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Sadr and Maliki Battle Over Iraqi Oil: Ali Abdel Sadah, Al-Monitor, Jan 3, 2013—At long last, the political rivalry between the Dawa Party — led by Prime Minister Nouri al-Maliki — and the Shiite leader Muqtada al-Sadr has been renewed.
Will Kurdistan’s Energy Wealth Lead to the Next Iraq War?: Jay Newton-Small, Time World, Dec. 18, 2012—Iraqi Prime Minister Nouri al-Maliki was infuriated when Kurdistan began inking its own oil contracts – including some in disputed areas — with Exxon, France’s Total, Russia’s Gazprom and Chervron.
Iraq Could Dissolve Parliament in 48 Hours, Sources Say: Paul D. Shinkman, US News, January 4, 2013—In a move that could draw Iraq back into the throws of religious infighting and potential civil war, the fledgling Baghdad government may be on the brink of dissolving parliament within days, a source tell U.S. News.
Sadr Allies With Sunnis in Challenge to Maliki: Mushreq Abbas, Al-Monitor, Jan 6, 2013
The Redacted Iraqi Jews: Nabil Al-Hadairi, Gatestone Institute, Dec 27, 2012
The Steep Price of American Disengagement: Max Boot, Commentary, Dec. 1, 2012
Both Sides Have Too Much to Lose in Arab-Kurd Rivalry: Ranj Alaaldin, The National, Dec 7, 2012
Iraq Needs Inclusive Governance: Editorial, Gulf News, Dec 28, 2012
Kurdistan’s Vast Reserves Draw Oil Majors: Guy Chazan, Financial Times, Jan 7, 2013
32 Pilgrims Killed by Bombings in Central Iraq: Yasir Ghazi & Christine Hauser, New York Times, Jan 3, 2013
China’s Oil Quest Comes to Iraq: J. Michael Cole, The Diplomat, Dec 2, 2012
Ali Abdel Sadah
Al-Monitor, Jan 3, 2013
At long last, the political rivalry between the Dawa Party — led by Prime Minister Nouri al-Maliki — and the Shiite leader Muqtada al-Sadr has been renewed. This comes against the backdrop of the prime minister rejecting a proposal made by Sadr’s followers in parliament which called for the insertion of a clause into the 2013 budget that would distribute a portion of the surplus from oil revenues as cash dividends to Iraqi citizens.
Baha al-Araji, head of the Sadr-affiliated Ahrar Bloc in parliament, was visibly upset at a news conference in early December 2012, due to the lawsuit Maliki won against the oil surplus dividends clause. That day he said, "Maliki is responsible for starving the Iraqis." He also expressed his support for the proposal of his leader, Muqtada al-Sadr, which included providing $233 to every citizen and around 40,000 jobs for unemployed youth. Immediately following the decision, Sadr’s supporters took to the streets protesting against Maliki in the capital city of Baghdad, as well as in Najaf — Sadr's stronghold — and cities in the central and southern Euphrates regions. The Sadrists chanted angrily condemning Maliki, saying that he is attacking their leader. Those scenes churned up old memories of the long quarrel that had formerly persisted between the two sides.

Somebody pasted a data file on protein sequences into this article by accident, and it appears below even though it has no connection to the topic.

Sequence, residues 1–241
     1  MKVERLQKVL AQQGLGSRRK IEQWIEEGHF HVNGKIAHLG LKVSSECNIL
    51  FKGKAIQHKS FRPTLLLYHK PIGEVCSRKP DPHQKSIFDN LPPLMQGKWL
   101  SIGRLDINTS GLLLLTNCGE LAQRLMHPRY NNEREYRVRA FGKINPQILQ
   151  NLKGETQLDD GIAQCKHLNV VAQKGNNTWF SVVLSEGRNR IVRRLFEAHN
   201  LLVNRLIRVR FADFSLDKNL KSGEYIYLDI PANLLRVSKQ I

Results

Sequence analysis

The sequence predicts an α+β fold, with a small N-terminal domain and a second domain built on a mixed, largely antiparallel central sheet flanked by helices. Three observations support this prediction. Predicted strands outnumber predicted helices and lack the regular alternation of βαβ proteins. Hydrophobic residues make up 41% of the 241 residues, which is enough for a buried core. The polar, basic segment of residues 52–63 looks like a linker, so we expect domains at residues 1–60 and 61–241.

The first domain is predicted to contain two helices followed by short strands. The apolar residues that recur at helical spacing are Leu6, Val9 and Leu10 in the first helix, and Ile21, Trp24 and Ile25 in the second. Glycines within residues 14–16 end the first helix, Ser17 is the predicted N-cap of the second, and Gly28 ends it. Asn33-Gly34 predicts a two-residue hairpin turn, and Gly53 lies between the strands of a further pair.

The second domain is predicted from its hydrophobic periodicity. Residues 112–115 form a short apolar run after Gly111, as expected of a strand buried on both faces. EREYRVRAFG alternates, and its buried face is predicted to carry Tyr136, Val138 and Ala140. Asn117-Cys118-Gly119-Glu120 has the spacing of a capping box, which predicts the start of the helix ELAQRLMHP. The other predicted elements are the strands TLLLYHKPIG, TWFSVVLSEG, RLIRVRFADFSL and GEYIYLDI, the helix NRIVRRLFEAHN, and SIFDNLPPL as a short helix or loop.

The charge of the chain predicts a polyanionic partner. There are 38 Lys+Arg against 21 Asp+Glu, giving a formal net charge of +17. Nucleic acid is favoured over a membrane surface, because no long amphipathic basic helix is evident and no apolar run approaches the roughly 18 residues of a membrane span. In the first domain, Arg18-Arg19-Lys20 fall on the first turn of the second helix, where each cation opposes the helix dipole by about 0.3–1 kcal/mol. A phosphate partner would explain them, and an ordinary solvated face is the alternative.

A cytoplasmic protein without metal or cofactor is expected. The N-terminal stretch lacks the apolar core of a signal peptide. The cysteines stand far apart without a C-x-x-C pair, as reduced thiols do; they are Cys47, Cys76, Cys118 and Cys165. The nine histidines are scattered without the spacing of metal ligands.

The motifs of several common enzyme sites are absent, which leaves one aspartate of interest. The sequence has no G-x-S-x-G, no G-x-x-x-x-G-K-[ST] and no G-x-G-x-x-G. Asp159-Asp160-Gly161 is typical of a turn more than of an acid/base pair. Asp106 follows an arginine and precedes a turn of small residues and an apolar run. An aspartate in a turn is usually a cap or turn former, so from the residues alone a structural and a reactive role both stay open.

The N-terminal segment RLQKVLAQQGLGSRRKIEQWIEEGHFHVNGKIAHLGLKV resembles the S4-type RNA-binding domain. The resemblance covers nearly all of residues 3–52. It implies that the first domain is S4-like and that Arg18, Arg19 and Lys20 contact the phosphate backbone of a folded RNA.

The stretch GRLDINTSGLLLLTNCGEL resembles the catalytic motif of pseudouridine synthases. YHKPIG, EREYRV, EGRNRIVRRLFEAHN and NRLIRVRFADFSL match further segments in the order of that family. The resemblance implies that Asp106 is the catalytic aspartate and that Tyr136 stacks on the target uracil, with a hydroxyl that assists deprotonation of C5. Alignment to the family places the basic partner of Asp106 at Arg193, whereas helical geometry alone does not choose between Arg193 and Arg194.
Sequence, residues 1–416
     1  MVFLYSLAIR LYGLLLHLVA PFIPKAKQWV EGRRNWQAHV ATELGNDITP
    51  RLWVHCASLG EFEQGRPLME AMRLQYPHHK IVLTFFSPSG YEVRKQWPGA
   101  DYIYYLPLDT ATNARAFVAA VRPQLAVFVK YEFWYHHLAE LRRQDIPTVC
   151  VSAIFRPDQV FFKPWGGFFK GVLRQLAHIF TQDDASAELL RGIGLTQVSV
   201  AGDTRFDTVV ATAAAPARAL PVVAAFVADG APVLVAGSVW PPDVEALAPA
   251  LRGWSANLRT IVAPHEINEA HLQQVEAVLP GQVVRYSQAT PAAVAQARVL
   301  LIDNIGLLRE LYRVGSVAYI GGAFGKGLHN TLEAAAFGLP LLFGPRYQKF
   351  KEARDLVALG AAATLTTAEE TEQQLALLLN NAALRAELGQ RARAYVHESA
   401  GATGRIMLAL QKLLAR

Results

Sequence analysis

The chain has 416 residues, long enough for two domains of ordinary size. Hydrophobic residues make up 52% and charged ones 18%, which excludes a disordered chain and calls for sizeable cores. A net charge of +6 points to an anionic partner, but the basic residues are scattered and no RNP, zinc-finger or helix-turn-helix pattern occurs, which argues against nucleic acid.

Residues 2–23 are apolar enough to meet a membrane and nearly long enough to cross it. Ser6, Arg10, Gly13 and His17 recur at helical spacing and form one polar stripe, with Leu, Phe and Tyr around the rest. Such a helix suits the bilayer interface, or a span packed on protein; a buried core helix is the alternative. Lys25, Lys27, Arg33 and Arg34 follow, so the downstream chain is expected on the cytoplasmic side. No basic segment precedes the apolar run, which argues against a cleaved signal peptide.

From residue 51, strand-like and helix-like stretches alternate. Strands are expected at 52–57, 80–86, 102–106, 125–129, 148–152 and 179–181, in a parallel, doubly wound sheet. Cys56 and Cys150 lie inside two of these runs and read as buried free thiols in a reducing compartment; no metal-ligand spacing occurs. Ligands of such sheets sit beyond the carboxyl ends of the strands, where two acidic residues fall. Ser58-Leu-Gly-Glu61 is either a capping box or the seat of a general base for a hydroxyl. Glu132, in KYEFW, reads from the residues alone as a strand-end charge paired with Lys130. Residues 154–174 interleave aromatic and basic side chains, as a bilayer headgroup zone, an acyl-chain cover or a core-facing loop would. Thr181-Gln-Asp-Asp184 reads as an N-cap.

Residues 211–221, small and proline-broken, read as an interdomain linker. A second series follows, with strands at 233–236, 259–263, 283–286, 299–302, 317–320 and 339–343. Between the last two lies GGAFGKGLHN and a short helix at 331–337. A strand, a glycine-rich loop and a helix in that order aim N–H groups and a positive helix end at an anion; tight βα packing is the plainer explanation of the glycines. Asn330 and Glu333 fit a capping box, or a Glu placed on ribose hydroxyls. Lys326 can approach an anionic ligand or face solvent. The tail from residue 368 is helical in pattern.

There are marked differences between the Dawa Party and the Sadrist Movement. The majority of Sadr’s followers have considered Maliki an enemy ever since he led the 2008 Charge of the Knights, which was the harshest security crackdown the country had seen against the Mahdi Army — Sadr’s armed wing — and killed hundreds of his followers and imprisoned many more. Ever since the clampdown, which took a heavy toll on the city of Basra, the relationship between the two sides has taken on a vengeful dimension.
The fierce competition for leadership of the Shiites brings an additional dimension to their rivalry. For whereas the Dawa Party has successfully remained in power and presents an institutionalized model of leadership, the Sadrist Movement continues to increase in influence due to the widespread support it enjoys among the poor, unemployed youth whose zealous opposition to Maliki grows increasingly radical….
The Sadrist public is preoccupied with the religious details concerning Shiite leadership and authority; meanwhile the political elite of the Sadrist Movement are still considering taking a swing at Maliki.
The movement has demands it describes as final and necessary if the dispute with Maliki is to be resolved. It makes note of the dozens of Sadr’s followers in government prisons, in addition to ambitious demands to gain access to sensitive positions in the security apparatus. Sadr still carries the bad memories of 2008 with him and strives to rein in Maliki, sooner or later.
Sadr has also been subjected to significant political shake-ups, which are almost to be expected given his broad base of supporters. One especially controversial shake-up occurred after the 2010 elections, when his Sadrist Movement granted Maliki voting powers in parliament in order to receive a comfortable majority with which to form a government….